Another way to boost program participation is by using gamification techniques. Gamification employs the use of game elements to leverage a participant’s sense of challenge, competition, and reward to educate, change attitude or behavior and inspire action. For example, Starbucks’ Summer Game Boardwalk is one such example. Members sign-up to play at starbuckssummergame.com or via the Starbucks App. Members earn a gameplay every time they make a qualifying purchase with the card that is registered to their Starbucks Rewards card. (It’s easiest if you use the app) Members collect and match either two or three game tickets to win a prize plus there are many instant win tickets, with the top prize being Free Starbucks for 10 Years!
Surprise and delight incentives foster brand awareness by doing things that customers want to tell friends about.
A “surprise and delight” is an unexpected reward given to members of the loyalty program to nurture the customer relationship.
Panera Bread surprises and delights members of their loyalty program with free perks like free bagels for the month or a free cup of coffee each day. Another important element of this approach is personalization, making the customer feel valued and appreciated.
5. Make Customers Feel Special
Program participants want to feel as if they are a part of something special and that they get the priveledges and recognition they think they deserve. They don’t want to feel like they have the same opportunities as all the other shoppers have. Forrester research found that 59% of US online adults belong to a customer loyalty program say that getting special offers or treatment that isn’t available to other customers is important to them. For consumers who regularly participate in a majority of those programs, 69% find special treatment important.
You can help your customers to feel special by giving them member-only events, offers, personalized experiences and the like.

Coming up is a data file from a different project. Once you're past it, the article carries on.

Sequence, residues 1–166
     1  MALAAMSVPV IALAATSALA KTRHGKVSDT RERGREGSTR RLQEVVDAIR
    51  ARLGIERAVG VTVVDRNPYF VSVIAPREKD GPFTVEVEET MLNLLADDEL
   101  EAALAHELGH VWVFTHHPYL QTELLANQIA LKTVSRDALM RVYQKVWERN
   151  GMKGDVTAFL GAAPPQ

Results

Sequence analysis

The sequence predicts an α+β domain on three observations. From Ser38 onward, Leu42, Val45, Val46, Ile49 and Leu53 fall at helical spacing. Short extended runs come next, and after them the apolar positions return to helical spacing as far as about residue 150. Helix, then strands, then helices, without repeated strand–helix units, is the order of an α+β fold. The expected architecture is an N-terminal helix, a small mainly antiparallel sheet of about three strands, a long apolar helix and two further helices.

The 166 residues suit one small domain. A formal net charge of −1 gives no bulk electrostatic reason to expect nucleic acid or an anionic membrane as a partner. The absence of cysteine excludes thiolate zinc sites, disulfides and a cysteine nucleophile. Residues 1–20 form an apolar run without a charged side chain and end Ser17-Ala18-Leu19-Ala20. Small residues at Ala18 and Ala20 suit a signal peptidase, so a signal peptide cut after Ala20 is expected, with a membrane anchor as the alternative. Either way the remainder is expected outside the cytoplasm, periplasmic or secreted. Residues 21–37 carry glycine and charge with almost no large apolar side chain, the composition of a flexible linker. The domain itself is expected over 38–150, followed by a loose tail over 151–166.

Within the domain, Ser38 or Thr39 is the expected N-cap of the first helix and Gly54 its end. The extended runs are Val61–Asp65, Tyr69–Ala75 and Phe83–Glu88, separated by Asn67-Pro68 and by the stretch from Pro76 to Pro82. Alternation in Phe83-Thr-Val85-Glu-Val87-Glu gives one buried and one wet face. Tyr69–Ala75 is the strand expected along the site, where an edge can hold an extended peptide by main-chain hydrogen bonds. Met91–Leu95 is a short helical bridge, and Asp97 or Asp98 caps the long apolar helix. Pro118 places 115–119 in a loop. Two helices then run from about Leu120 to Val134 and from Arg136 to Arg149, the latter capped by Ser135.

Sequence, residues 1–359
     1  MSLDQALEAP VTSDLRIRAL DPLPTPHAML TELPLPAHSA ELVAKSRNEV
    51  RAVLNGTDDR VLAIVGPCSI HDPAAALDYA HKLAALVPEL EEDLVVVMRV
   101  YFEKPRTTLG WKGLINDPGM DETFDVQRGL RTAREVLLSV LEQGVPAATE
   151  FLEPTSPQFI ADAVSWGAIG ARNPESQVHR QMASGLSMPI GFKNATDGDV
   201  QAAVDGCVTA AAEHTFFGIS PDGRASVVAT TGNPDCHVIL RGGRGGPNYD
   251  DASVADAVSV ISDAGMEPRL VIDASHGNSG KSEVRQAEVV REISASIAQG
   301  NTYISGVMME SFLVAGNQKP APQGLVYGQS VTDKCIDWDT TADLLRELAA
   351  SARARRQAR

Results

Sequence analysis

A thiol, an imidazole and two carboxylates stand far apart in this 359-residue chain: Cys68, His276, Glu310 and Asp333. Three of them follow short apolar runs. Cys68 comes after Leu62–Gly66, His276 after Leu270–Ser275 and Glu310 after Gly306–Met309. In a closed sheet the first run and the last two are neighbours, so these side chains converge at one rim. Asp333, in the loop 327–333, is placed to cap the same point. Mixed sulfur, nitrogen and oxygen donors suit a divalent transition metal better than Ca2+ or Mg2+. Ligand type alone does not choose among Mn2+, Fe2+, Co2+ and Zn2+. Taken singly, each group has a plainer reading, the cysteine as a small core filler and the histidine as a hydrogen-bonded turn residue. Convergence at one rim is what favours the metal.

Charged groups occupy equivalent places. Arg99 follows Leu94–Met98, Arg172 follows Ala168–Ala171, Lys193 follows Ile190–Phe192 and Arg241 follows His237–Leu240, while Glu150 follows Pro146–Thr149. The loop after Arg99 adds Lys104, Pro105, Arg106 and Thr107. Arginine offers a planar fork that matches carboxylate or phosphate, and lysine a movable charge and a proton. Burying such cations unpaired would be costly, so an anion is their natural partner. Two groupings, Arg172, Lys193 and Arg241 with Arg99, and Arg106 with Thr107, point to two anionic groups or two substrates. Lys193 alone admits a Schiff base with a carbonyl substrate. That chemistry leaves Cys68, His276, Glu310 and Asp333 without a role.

“Tailoring loyalty benefits for specific consumers, and using the loyalty program engagement vehicles—be it via an app, email, or instore interaction—all allow retailers to personalize the loyalty program so that it’s not just a discount vehicle. Providing advice, tailored offerings, and other services will delight the loyalty-program member. In this way, there is no one loyalty program—each shopper will have his or her own version of the program, tailored to his or specific needs,” said Louise Keely, executive vice president, Nielsen Global Retail Practice.
For example, Target offers its REDcard members exclusive access to products before they are available to the general public.
Pier 1 Imports sends emails to its My Pier 1 Rewards members inviting them to participate in member-only events like this Destination Style event. These localized events create customer experiences where the customer learns how to use the product and to interact with style experts.
Related Article: How to Improve Loyalty Program Redemption Rates
6. Ask Customers for Feedback
Always track your program’s participation and conduct both qualitative and quantitative research to find out what works and what does not work. That way, you can tailor the program to meet more of your customers’ needs. Qualitative research will help you see the big picture of your loyalty program’s success, while quantitative research will enable you to get more detailed insight and to quantify by customer segment what is most important to your customers.
Tip: Consumers are asking for more and expect programs to deliver beyond the points. Use customer feedback to deliver better customer experiences.
Updated December 15, 2018
More Posts That May Interest You
Filed under: Loyalty Marketing